Nostalgia is a complex concept. Most often, we define it as fondly looking back on a simpler time, a better time; but it has a sinister side as well. Because, in order to long for yesteryear, we must also forget – or at the very least obfuscate – that those times had challenges not unlike, and often worse, than the time we wish to escape. Nostalgia requires us to paint the past with a sepia-laden brush of incongruity. This is the area in which Lou Berney places readers with his new historical crime novel, November Road.
For many, November Road will be much more than a crime novel – and there is no denying this truth – but it is also a novel that never shies away from its genre-based touchstones – by a writer who refuses to deny his genre-based origins. The literary world is going to embrace November Road, but crime aficionados will remain the heart behind the hug.
November Road is a road-trip novel with three distinct journeys on a collision course with destiny. Set just before, during, and after John F. Kennedy’s assassination, the novel documents a time of strife that reverberates into our modern world. The struggle for civil rights for all citizens was in full swing and was as contentious then as it sadly remains today. But November Road is not a novel “about” this topic, but rather is a story in which these realities resonate through the characters and situations presented to the extent that the two become inseparable. In fact, these characters become universal because of their singularity of time and place.
Frank Guidry has worked for mob boss Carlos Marcello for years. Loyal to a fault, when he becomes privy to information of National significance, he realizes that his life is in danger from those he trusts most. On the run, making spur of the moment decisions, Frank must stay one step ahead if he has any hope of surviving. Frank is a man who does bad things, but he is also a man with a moral compass. Riding with him as he struggles with this dichotomy is a lesson every reader deserves, even needs.
Paul Barone also works for Carlos – as a hitman. His assignment is to find and eliminate the problem of Frank Guidry. Teaming up with a young African-American kid named Theodore, Barone tracks this fugitive’s every move across multiple States. The bond between Barone and Theodore elucidates much about the status of race relations during this transitional period in our country’s history and readers will feel both hope and fear in equal measure.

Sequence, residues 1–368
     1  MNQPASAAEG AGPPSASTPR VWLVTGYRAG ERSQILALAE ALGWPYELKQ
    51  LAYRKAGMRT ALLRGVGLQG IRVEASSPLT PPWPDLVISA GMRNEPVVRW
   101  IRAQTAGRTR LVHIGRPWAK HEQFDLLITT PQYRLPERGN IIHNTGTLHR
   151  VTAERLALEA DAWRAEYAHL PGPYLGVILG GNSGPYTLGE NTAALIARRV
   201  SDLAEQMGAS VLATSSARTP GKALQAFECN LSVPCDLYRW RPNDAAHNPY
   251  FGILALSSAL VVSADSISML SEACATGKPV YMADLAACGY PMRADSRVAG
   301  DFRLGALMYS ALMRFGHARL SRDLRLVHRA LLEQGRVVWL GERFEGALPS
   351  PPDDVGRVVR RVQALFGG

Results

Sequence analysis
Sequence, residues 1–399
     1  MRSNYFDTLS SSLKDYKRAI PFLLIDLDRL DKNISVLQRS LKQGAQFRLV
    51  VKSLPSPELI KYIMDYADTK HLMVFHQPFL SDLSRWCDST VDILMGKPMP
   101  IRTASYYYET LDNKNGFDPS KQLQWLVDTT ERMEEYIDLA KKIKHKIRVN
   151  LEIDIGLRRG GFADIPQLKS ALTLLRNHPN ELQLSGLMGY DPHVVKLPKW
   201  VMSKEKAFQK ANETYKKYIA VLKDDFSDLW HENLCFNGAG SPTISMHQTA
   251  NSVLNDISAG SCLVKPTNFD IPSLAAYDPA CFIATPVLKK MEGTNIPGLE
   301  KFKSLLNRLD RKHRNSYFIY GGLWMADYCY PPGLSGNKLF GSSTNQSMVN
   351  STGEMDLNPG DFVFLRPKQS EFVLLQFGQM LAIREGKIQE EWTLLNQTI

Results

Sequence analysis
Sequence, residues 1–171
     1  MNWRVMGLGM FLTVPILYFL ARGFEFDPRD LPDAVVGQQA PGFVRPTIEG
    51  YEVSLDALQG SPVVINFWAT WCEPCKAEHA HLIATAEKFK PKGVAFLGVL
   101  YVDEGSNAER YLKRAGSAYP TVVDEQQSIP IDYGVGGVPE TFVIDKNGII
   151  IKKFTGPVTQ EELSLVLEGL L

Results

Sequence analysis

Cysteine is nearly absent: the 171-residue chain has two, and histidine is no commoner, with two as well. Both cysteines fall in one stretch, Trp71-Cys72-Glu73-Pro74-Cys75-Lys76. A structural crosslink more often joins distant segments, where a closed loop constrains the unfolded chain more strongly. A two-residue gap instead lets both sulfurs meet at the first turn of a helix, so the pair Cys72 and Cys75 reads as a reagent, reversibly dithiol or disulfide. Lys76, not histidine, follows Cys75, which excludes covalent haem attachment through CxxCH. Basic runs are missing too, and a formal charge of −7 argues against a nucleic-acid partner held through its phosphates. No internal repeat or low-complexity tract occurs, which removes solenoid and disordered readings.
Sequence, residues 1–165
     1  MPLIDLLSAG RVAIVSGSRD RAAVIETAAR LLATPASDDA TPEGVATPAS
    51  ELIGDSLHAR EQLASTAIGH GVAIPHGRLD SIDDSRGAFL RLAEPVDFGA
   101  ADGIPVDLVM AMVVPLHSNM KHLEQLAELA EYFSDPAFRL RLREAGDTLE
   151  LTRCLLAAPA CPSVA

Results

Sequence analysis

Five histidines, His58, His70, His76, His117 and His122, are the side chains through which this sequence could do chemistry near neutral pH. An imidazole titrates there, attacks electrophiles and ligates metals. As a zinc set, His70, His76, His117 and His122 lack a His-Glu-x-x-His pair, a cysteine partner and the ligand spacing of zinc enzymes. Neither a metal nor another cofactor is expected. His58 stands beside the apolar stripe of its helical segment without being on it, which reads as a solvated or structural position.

Charlotte is also on the run – but her journey represents one more of self-discovery than of survival. With her two daughters – Rosemary and Joan – in tow, Charlotte leaves her stable and contented life behind in the effort to find herself and make a better future for her girls. Charlotte embodies the move towards female empowerment that seemed so revolutionary at the time. Her actions may seem impulsive, but Charlotte is committed to them with no less vehemence than the others. Charlotte is the character with which readers will likely most identify; she is the everywoman who is unlike any woman.
And when these three groups converge – come on, it’s not like you didn’t know that was going to happen – the resulting cacophony will echo for generations. If November Road teaches us anything (and believe me, it teaches us tons), it is this: major events affect even the most minor of individuals; but minor alterations can also have a major impact. These characters – simply because of how real they are – will stay with readers forever, and their choices – both the good and the bad – will influence future decisions for each and every one of the folks who read this novel. Sure, we won’t be able to track how this string of continuity actually flows, moment to moment, but every true reader knows that books do make a difference. This book will make a difference.
November Road is an eminently readable thriller with a power and depth that belies that ease. There are grander ideals at play within Lou Berney’s words, sentences, and chapters. Sometimes the greatest changes are spurred from the most unexpected of sources. To read November Road is to live November Road – and it is impossible not to be altered by that experience.
Disclaimer: A print galley of this title was provided to BOLO Books by the publisher. No review was promised and the above is an unbiased review of the novel.